This post will go online when I am safely home in California, but it is being composed on the Asus in flight. For once I have plenty of room to work, which of course means that I have been very lucky.
Being a regular transatlantic passenger has a few perks. One of them is that I get to fly in Economy Plus, the heavily promoted extra legroom seats on United, despite the fact that I can only afford bargain basement tickets and ought to be confined to cattle class in the hold. I always book my seats well in advance to ensure that I get an aisle placement, preferably on one of the 2-seat-wide outer banks of seats on the 777s that are the usual equipment on the London – San Francisco route. But sometimes things go wrong. I could see from the crowds in the gate area that this was going to be a full flight, which usually means problems. Sure enough, I had barely been in my seat a few minutes when a stewardess asked to see my boarding pass and I noticed an angry-looking man hovering over her. My seat had been double-booked.
Slowly the story began to unfold. Lufthansa are apparently on strike, and lots of their flights have been canceled. As they are a part of the Star Alliance group, that meant that United was first choice for rescuing stranded passengers. The woman sat next to me had been re-routed from Frankfurt, where apparently some of the ground staff were on strike as well. But the guy who had my seat had come from Dubai. He’d had a first class ticket, and Lufthansa had refused to pay United to get him a similar seat with them. Not only was he dumped back in Economy Plus, but I was in his seat. No wonder he was steaming.
The stewardess took our boarding cards away to sort things out and soon came back with the news that I had to move. I had visions of being stuck in the middle seat of the five-wide central bank back in Economy. But no, it was my lucky day: I was being upgraded to Business class.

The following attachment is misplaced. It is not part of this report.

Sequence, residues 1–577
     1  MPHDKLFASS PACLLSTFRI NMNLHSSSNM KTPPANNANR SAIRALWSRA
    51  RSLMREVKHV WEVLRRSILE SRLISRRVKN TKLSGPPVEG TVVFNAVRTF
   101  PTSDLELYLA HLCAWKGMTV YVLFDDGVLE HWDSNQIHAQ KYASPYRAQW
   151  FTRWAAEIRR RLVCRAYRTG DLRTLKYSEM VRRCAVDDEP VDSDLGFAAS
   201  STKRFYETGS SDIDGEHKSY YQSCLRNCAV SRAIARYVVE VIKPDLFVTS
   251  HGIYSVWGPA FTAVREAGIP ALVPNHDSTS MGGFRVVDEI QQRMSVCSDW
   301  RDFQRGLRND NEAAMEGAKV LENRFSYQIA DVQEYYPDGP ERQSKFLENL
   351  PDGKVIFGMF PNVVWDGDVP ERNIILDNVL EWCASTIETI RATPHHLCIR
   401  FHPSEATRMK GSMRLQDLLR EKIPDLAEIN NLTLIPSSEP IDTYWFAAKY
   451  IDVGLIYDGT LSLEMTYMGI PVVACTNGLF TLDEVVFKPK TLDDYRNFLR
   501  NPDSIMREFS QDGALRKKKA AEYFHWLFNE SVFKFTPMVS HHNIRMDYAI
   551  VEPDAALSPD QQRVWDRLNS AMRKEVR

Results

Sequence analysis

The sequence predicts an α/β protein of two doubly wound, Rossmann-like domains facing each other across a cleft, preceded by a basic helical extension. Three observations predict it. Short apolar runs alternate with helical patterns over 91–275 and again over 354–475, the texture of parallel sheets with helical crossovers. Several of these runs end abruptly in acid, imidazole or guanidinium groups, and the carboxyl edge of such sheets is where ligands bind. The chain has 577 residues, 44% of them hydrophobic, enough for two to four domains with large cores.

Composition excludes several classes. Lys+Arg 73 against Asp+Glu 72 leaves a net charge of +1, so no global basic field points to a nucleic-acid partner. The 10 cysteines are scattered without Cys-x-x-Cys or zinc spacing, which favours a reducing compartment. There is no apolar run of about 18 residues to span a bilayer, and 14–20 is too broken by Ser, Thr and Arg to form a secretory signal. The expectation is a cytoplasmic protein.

It is a while since I have been in the luxury seating. I used to fly Business quite a bit when I was in Australia because my employers wanted me to arrive fresh and able to work after every trip, but things have changed a bit since then. Economy class service has got steadily worse as the airlines cut corners to save money, but Business has got better. The food is actually edible, and you get a choice of main course. The wine is free and United were pushing Californian produce – I had a rather nice Monterey chardonnay with my meal. The seat is adjustable in all sorts of ways I haven’t quite managed to work out, and there’s a nice little reading light that peers flexibly over your shoulder like a Puppeteer’s head.
What I don’t have is a power supply, which is why I’m composing blog posts on the Asus rather than doing serious work on the Dell. Yes, I know, I’m probably the only person on this flight who has two laptops with her. I’m an incorrigible geek. So sue me.
All in all, however, it has been a very comfortable trip. Hopefully it means that I will arrive in California feeling fairly refreshed and able to cope with my 32-hour day. That’s kind of important, because Kevin and I have stuff to do in advance for Worldcon and he’s leaving around lunch time on Friday (he’s driving there, I’m flying).
By the law of averages, this doubtless means that I have a horror flight somewhere in my near future, but for now I’m going to enjoy the rest of the trip. I should also say that, while the service here is very nice, no way is it worth the several thousand dollars more that I would have to pay to travel this way by right.